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Perhaps it would be more instructive at first to say what this new Mercedes-Benz CLA is not: an A-Class in drag. Of course, it sits on the same platform as Mercedes' latest hatchback and uses the same engines, gearboxes and many other systems. But while you won't be surprised at all to see that it doesn’t look like an A-Class, it’s less easy to guess that it doesn’t feel like one, either.

Five petrol-powered CLA variants will come to the UK this summer, all available to order now. There are the CLA 180 and CLA 200, both powered by a 1.3-litre turbocharged engines, and the CLA 220, CLA 220 4Matic and CLA 250, all using a 2.0-litre motor. All have a seven-speed dual-clutch automatic gearbox (although a manual is coming later), and you might or might not care that only the CLA 220s and CLA 250 have Mercedes motors, the smaller engine being sourced from what remains of the Renault-Nissan-Mitsubishi Alliance. There is a 4Matic version of the CLA 250, but it’s not coming to the UK, because it’s deemed to be too close to the AMG CLA 35 (which was revealed last week).

The subject of this review is the CLA 220d, which will go on sale in the UK shortly after the petrols. And despite the ongoing plight of diesel, it will likely still prove highly popular. There are currently no plans to bring the 1.5-litre CLA 180d diesel to the UK, however.

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How does the CLA compare to the car on which it is based?

There are three key chassis differences between the A-Class and the CLA. First, all CLAs, regardless of engine or trim level, come with multi-link rear suspension, not the considerably less sophisticated beam axle used on most of the hatchbacks. Second, the track has been considerably widened (by 63mm at the front and 55mm at the rear) to provide a wider, more planted footprint. Third, all CLAs receive bespoke spring, damper and anti-roll bar settings that are designed to make them feel considerably more sporting than the equivalent A-Class.

The CLA is as high-tech and high-quality on the inside as it is good-looking on the outside. All the cars we drove were in top-of-the-range specification and seemed commendably h for machines that populate the lower echelons of the Mercedes range. The interior is airy and more spacious in all directions than that of the original CLA, although four average-sized adults will still find room more adequate than generous.

All the A-Class technology comes across, including the MBUX operating system and Stuttgart's ‘Hey Mercedes’ answer to Siri and Alexa. The high-definition TFT touchscreens are easy to use, but the voice recognition software remains flawed. We drove three cars and each joined the conversation without being asked.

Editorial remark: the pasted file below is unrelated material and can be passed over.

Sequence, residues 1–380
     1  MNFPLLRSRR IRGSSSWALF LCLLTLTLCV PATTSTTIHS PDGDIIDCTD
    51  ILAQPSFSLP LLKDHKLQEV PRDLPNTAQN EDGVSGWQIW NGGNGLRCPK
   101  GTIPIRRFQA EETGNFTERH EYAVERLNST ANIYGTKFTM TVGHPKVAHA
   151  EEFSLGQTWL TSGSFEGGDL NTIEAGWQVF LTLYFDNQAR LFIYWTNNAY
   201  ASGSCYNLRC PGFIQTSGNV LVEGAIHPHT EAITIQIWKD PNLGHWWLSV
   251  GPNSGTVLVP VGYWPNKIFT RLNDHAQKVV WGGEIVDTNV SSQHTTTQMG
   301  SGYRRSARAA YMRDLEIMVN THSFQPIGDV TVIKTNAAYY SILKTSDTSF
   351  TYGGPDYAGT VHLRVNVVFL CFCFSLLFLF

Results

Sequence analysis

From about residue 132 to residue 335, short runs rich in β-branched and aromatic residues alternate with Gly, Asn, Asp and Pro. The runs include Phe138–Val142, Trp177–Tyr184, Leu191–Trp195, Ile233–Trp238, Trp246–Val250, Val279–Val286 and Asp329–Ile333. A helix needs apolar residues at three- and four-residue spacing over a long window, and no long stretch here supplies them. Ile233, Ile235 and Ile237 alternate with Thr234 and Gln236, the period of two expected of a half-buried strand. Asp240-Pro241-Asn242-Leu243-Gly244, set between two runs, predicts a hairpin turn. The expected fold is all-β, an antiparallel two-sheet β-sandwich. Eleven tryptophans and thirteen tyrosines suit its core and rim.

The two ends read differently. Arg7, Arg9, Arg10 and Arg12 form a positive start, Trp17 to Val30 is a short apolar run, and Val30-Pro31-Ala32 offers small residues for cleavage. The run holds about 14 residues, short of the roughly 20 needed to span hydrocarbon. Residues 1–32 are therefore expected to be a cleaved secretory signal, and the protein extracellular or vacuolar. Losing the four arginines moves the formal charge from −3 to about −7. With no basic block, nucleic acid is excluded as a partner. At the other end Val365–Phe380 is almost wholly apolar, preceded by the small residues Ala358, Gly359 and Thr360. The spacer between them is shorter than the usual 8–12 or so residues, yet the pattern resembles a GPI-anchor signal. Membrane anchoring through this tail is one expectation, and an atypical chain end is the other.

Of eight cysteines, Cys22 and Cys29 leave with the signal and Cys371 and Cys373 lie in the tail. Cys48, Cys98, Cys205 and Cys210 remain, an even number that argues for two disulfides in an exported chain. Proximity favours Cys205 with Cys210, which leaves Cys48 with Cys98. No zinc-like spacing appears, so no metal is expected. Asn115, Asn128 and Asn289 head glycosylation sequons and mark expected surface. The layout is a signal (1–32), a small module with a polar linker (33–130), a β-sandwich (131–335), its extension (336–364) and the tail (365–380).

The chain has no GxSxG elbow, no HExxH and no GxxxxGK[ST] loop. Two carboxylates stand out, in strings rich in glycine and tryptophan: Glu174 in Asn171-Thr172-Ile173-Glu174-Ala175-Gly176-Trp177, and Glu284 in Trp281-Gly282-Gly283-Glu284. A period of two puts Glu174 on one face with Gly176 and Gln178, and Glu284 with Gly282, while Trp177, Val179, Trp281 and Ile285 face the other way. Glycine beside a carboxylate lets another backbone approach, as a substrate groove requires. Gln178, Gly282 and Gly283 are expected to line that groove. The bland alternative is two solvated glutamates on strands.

Also, the CLA comes with intrusive safety systems that buzz the steering wheel even when you’re close to the edge of the road and apply the brakes when it incorrectly concludes you’ve misjudged a situation. We applaud the sentiment, but it’s too sensitive. You can turn the systems off, but they default to on, so if you stop for fuel, you’ll have to switch them all off again. There’s a balance between keeping a car safe and allowing the driver command of his or her ship, and the CLA is on the wrong side of it.

How does the CLA compare to its rivals?

Otherwise, this is a car that makes few mistakes. The diesel motor is strong and sufficiently refined, the gearbox quick enough. But the chassis is the stand-out performer, imbuing the CLA with a combination of poise, grip, ride comfort and steering response absent from any A-Class, AMG A35 included.

This is a car with surprisingly few rivals, because its coupé appearance combined with four-door practicality is an undeniably appealing formula. And if you like the way it looks and can live with the over-eager electronics, you’ll find the CLA not just a highly competent every day car but a rather satisfying one, too.

It’s also the first non-AMG model based on current or previous A-Class architecture that you would describe as being genuinely good to drive. Thank the chassis modifications for that, and hope that in time Mercedes decides to roll them out across the entire A-Class family.

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